Author Bio:

 

John Fioravanti is a retired secondary school educator who completed his thirty-five year career in the classroom in June, 2008.

 

Throughout his career, John focused on developing research, analysis, and essay writing skills in his History classroom. This led to the publication of his first non-fiction work for student use, Getting It Right in History Class. A Personal Journey to the Heart of Teaching is his second non-fiction work; it attempts to crystallize the struggles, accomplishments, and setbacks experienced in more than three decades of effort to achieve excellence in his chosen field.

 

John’s first work of fiction is Passion & Struggle, Book One of The Genesis Saga, and is set within Kenneth Tam’s Equations universe (Iceberg Publishing). He claims that, after two non-fiction books, he’s having the time of his life bringing new stories and characters to life! Book Two is Treachery & Triumph.

 

At present, John lives in Waterloo, Ontario with Anne, his bride of forty-six years. They have three children and three grandchildren. In December of 2013, John and Anne founded Fiora Books for the express purpose of publishing John’s books.

 

 

 

Welcome to the WATCH “#RWISA” WRITE Showcase Tour! #RRBC #RRBCWRW Day 15

MOM’S FINAL WORDS

By Gwen M. Plano

Worn out by time, mom lay motionless on the sheets. Life lingered but imperceptibly. At ninety-one, she had experienced the full range of life’s challenges. And, now, she rested her aged shell of a body and waited.

A farmer’s daughter and wife, her life was marked by practicalities and hard work. Always up before daybreak, she prepared the meals, washed the clothes and hung them on the clothesline, and otherwise attended to the needs of the household.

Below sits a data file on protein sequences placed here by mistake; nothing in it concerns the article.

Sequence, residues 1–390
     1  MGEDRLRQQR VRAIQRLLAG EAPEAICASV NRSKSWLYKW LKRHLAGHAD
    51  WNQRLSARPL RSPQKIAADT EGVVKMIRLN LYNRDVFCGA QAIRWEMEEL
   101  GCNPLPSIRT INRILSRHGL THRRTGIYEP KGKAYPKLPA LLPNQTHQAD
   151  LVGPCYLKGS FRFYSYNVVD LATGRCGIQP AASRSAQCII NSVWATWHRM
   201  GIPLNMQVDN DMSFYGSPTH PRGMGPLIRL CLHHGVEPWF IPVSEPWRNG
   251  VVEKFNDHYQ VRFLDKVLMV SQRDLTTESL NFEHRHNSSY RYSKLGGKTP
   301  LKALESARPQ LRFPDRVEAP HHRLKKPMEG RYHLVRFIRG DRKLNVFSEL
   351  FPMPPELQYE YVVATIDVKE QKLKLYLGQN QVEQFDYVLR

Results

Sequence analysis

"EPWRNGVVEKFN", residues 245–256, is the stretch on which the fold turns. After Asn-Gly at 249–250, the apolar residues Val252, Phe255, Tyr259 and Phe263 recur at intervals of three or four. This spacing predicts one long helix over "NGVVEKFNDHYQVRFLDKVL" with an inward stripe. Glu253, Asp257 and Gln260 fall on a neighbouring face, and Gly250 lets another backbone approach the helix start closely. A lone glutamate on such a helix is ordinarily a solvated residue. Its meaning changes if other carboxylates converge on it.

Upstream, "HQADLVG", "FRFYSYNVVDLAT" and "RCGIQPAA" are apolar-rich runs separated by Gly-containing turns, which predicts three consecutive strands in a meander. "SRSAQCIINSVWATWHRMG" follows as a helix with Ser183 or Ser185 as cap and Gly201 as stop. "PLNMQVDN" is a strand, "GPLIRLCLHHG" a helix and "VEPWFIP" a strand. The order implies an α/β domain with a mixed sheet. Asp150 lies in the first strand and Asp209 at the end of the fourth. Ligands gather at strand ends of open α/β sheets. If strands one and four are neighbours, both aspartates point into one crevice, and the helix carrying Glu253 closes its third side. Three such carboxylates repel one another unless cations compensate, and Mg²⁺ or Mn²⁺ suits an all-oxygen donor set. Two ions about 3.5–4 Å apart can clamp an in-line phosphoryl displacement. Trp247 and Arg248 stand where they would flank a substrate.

Her garden was a cornucopia of tomatoes and corn, of squash and lettuces. And the refrigerator always had freshly gathered eggs and newly churned butter.

Mom rarely paused, to catch her breath, to offer a hug, or to sit calmly. Time is not to be wasted, she taught. And so, she was always busy.

Over the years, there were multiple times that she almost died. But, with each surgery or ailment, she emerged from death’s clutches more determined than before – to surmount her difficulties, to forge a path, to care for her family. “Life is a gift,” she would say to us.

Mom knew poverty and uncertainty. Ration coupons from the war lay on her dresser, a reminder of harsh realities. Nothing ever went to waste in our household, not food, not water, not clothing. “Many have less than us,” she claimed. She would then insist we be conservative and share.

She knew sorrow well, having lost her parents when she was young, and then two of her nine children. As the years passed, she also lost her sisters and many of her friends.

Mom was a woman of faith. Throughout the day, you could hear her quiet entreaties. Prayer was always on her lips. When mom walked from one room to the next, she prayed – for this person or that friend or for our country. She’d stand at the sink washing dishes and invoke help, from the angels, from Mary the mother of our God, and from the Holy Spirit. “Pray always,” she’d remind us.

This busy mother fought death to the end, but when the doctor finally said that nothing more could be done, she simply responded, “I am ready.”

It was then that she met with each of her seven children. Barely managing each breath, she whispered her I love you and offered a few words of guidance.

When I was at mom’s bedside, she told me she loved me, mentioned a few family concerns, and then in a barely audible voice she said, “I don’t know what to expect.”

This precious little woman, who had spent her life busy with raising a family and helping with the farm, now was unsure of what would happen next. I was surprised by the words.

She taught me to pray when I was quite tiny. “Get on your knees,” she would instruct. “Offer up your pain for the poor souls in purgatory,” she’d suggest. Then, she’d lead us in the Lord’s Prayer. Mom had us pray for family and friends, for anyone suffering, and always for our country. She’d share stories of angels and saints, of miracles and wonders, of midnight visitations and afternoon impressions. This fragile diminutive woman had instructed my siblings and me of the invisible eternal. And, I lived with those images as a child until they became as real to me as the world we see.